Conscious Escapism: The Benefits of a Spiritual Cheat Day


“The road to excess leads to the palace of wisdom… You never know what is enough until you know what is more than enough.” ~William Blake

Many people discover spirituality through suffering. I found the path due to years of depression, anxiety, and psychosis. Part of the awakening process is identifying behaviors, traits, habits, or thoughts that don’t serve you. As your behavior changes, so does your diet. Not just what you eat, but everything you consume, including what you listen to, watch, read, and pay attention to.

Orthorexia is the term given to an unhealthy focus on eating in a healthy way. This sounds like a paradox, as a healthy diet improves overall health. However, there’s a tipping point—eating well can become an obsession. You might develop anxiety around eating junk food, and your desire to eat well influences your social life, or you feel guilty for the times you indulge.

Your spiritual diet isn’t free from its own form of orthorexia. A healthy spiritual diet—such as a practice of meditation, reading spiritual texts, spending time in nature, serving others—boosts your spiritual health. But there is a tipping point.

What if you guilt yourself for wanting to spend an evening watching Netflix? Or eating without being mindful? Or being distracted and unfocused? Or not having the energy to serve? Or not catching yourself before reacting in anger?

What if when you feel anxiety, you don’t want to journal or meditate or unpick and dissect its root cause? What if you don’t want to spend the energy to “raise your vibration” or reframe your thoughts? What if all you want is to eat ice cream or go out with friends or have a glass of wine or watch the Champions League?

The time will come where you no longer crave junk food, for the nourishment of the path itself satiates you more than anything. Until this point, rather than trying too hard to resist, it’s much more beneficial to allow yourself to indulge, and give yourself the occasional treat, without guilt or shame.

Unconscious Escapism vs. Conscious Escapism

In psychology, escapism is defined as a behavior or desire to avoid confronting reality. I place escapism into two categories: unconscious and conscious. This is an important distinction, because most people who practice meditation and mindfulness are, to some degree, aware of when they are engaging in unhelpful behavior.

Unconscious escapism lacks self-awareness. It is a default, auto-pilot reaction to certain uncomfortable feelings. It’s not wrong, or bad, it’s just a way we learn how to cope. But in the context of spiritual growth and healing, unconscious escapism perpetuates suffering. It distracts us from discomfort and ultimately distracts us from ourselves.

However, conscious escapism explores and acknowledges underlying emotions with compassion, before choosing to indulge. Maybe you’re just tired or require a feeling of comfort, or simply want to enjoy a movie. All of these options are okay, and don’t make you any less “spiritual.” Quite the opposite: choosing to do a mindless activity can be a great act of self-compassion.

Conscious Escapism Is the Cheat Meal

Conscious escapism is choosing conventional distractions, knowing the occasional cheat meal doesn’t reflect your overall diet. It’s acknowledging where you’re at and allowing yourself to lean on mechanisms behaviors that provide temporary solace, fully aware this isn’t the ideal solution.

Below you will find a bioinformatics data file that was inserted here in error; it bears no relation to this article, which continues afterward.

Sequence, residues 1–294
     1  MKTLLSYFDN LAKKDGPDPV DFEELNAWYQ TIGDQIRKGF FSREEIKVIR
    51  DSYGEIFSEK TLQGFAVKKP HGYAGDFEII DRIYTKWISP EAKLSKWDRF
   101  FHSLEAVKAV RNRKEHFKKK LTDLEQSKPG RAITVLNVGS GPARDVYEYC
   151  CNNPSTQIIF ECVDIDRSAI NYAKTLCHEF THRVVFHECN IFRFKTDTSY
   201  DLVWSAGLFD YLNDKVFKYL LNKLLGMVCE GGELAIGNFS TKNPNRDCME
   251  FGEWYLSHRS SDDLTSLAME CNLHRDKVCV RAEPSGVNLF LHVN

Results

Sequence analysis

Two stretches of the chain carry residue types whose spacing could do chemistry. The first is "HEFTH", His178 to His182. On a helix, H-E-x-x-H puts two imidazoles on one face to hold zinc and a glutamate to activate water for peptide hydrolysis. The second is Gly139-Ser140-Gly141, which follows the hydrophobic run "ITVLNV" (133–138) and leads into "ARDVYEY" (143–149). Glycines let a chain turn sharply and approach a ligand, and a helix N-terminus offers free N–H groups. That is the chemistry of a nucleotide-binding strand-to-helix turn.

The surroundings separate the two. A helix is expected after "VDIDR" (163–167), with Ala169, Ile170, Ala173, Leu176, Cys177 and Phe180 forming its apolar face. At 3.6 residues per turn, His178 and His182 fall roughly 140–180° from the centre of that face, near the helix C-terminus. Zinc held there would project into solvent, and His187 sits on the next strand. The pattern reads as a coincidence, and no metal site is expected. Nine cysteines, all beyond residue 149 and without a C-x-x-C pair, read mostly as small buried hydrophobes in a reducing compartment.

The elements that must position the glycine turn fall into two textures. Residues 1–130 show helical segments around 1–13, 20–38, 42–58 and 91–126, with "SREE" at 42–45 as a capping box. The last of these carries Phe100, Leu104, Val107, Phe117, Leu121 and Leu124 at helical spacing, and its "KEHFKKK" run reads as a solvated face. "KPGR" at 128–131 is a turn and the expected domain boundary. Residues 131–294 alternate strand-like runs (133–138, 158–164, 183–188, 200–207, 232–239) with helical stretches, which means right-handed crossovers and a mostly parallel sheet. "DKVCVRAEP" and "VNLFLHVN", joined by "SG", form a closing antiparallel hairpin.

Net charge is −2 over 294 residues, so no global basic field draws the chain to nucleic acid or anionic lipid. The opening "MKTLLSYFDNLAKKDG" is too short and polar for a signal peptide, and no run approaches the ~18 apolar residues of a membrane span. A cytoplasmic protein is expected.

To get physically fit, a manageable and balanced routine and diet are better than an extreme, high-intensity routine and crash diet. Start off with high intensity, you’ll likely burn out and return to old habits. Instead, as you progress and form new habits, you might increase the intensity, or find that eating well becomes easier.

There’s no reason the spiritual path has to be any different. Over the years, I’ve experienced the extremes of depriving myself due to the belief around a spiritual person wouldn’t… (get angry, eat nachos or other unhealthy food, binge watch Netflix when feeling down, argue with their partner, enjoy buying new clothes, curse, procrastinate on tackling their finances…)

It’s only when I allowed conscious escapism that I’ve discovered what really benefits me.

Mostly, I was encouraged to try this route by supportive friends and family who could tell I needed time off. I’ve always pushed myself, I’ve always placed high standards on myself, and these traits of perfectionism were absorbed into my spiritual practice.

Over time my need for conventional escape has reduced. But that doesn’t mean I won’t skip a meditation session or watch a few episodes of Community to lighten my mood if it feels right to do so. Going too far in the other direction creates a feeling of stress or even resentment towards my practice, a result of spiritual orthorexia.

The Spiritual Diet and Discernment

A word of warning: Conscious escapism isn’t an excuse to choose the path of least resistance. The ego can hijack this concept, too, weaving a narrative of deceit that finds excuses and reasons as to why you deserve to not meditate, or why your unique spiritual path is finding enlightenment through Game of Thrones.

Be cautious of this and apply the principle of a standard diet. Understand which foods are good and which aren’t. I know that a healthy diet requires me to eat well most of the time. I know that if I always indulge in high-fat, high-sugar junk food, it’ll lead to reduced health. But I know the occasional treat is fine.

Knowing when to indulge and when to do the work is a matter of trial and error. It takes time, practice, and self-honesty. It requires self-compassion for the moments you over-indulge, knowing sometimes the road to excess leads to the palace of wisdom.